An investigation into between-meal food desires among hospitalised haematological cancer patients
Research output: Contribution to journal › Journal article › Research › peer-review
S. L. Okkels, Wender Bredie, Tobias Wirenfeldt Klausen, Anne Marie Beck
Background & aims: Hospitalised haematological cancer patients often suffer from reduced appetite and food intake, which negatively influences the patients' well-being and nutritional status. The aim of this study was to identify specific between-meal food desires in a patient group, in order to increase food intake. The study was conducted using a picture-aided questionnaire, and relating the preferences to factors that could easily be implemented in the hospital menu, such as time of the day and texture. Moreover, the results of the questionnaire were verified by acceptance tests on six selected food items. Methods: A structured 42 items food questionnaire was developed and used to quantify appetitive food desires in patients during morning (11 am) and afternoon (3 pm) sessions. Food items were scored according to patients' preferences and immediate desire to eat. A total of 112 hospitalised haematological cancer patients, screened for nutrition-related symptoms, participated. Univariate statistical models were used to investigate the influence of time-of-day and food texture on between-meal desires. Results: Fresh fruit, ice cream, cheese and mashed potatoes with bacon were the most desired food items. Patients showed significant higher desire to eat in the morning as opposed to the afternoon. Moreover, texture had an influence on food desire, where liquid food was more desired than food with soft or coarse texture. Conclusion: Ranking of food desires among hospitalised cancer patients showed inclination for fresh fruit, ice cream, mashed potatoes with bacon, and cheese. Time of the day (morning) and texture (liquid) had the greatest and most positive impact on food desires. The findings may be easily implemented in hospital food service routines for cancer patients, and might positively contribute to patients' well-being and nutrition.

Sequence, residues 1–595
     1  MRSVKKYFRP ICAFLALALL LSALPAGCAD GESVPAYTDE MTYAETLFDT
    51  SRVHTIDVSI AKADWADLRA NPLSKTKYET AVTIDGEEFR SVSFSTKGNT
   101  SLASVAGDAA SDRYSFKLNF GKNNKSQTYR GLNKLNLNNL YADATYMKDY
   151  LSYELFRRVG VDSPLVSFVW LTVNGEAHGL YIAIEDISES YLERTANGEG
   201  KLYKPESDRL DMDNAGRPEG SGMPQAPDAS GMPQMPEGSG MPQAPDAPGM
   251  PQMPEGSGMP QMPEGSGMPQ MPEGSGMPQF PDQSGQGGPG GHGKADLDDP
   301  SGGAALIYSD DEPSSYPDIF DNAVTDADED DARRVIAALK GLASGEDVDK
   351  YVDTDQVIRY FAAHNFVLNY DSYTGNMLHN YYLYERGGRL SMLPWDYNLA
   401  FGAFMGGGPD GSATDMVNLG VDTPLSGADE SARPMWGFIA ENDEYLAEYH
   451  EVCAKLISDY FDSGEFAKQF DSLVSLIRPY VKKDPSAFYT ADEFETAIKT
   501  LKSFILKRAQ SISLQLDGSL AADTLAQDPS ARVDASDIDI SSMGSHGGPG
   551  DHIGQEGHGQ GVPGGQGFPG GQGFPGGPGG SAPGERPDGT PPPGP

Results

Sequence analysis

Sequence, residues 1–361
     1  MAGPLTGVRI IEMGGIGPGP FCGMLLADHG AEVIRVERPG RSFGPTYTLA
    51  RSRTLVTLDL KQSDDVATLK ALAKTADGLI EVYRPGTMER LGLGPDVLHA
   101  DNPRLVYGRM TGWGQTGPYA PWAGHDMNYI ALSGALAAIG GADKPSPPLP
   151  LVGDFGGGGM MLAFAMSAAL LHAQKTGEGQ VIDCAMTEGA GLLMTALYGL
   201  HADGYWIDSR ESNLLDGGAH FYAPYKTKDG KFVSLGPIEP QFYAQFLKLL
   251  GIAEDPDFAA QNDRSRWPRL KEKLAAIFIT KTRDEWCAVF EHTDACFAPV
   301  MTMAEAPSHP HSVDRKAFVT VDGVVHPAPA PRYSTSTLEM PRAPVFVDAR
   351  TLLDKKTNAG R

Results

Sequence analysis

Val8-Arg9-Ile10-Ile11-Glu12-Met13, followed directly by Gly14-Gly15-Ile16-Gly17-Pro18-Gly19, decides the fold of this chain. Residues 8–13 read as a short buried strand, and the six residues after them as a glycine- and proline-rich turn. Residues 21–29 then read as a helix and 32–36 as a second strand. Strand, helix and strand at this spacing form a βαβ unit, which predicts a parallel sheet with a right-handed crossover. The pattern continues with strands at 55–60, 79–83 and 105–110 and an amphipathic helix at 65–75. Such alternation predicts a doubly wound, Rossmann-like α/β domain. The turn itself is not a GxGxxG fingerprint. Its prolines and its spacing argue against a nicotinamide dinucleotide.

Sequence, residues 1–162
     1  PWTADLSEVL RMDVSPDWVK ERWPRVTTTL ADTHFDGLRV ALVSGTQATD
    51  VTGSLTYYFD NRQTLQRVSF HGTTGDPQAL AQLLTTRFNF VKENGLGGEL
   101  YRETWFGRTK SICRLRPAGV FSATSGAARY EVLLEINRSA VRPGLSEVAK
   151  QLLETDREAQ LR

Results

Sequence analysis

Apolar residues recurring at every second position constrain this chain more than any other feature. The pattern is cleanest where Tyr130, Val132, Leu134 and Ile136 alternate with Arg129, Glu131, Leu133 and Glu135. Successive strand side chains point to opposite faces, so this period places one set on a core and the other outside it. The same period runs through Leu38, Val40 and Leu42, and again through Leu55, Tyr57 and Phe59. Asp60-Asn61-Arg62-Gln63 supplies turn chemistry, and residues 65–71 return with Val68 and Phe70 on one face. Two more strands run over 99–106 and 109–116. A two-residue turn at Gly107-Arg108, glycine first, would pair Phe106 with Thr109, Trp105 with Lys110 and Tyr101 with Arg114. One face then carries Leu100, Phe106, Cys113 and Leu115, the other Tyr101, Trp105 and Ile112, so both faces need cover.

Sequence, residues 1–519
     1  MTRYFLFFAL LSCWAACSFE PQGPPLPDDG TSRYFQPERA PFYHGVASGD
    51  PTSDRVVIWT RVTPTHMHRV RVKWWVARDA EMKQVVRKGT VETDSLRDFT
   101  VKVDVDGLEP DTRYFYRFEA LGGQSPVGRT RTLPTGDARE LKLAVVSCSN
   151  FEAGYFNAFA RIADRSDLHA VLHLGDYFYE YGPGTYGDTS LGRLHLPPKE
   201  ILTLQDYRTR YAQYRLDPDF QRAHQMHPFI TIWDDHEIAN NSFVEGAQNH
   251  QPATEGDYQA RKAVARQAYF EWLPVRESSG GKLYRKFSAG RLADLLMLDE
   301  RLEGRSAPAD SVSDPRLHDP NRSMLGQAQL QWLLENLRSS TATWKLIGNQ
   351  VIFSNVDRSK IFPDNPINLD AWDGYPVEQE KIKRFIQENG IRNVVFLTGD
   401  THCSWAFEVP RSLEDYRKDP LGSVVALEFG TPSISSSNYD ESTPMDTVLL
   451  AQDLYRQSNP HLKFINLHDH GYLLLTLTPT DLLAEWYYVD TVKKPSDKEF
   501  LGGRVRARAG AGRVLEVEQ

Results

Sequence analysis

|Number of pages||6|
|Publication status||Published - 2016|
- Food acceptance, Food desire, Food intake, Haematological cancer patients, Hospital meals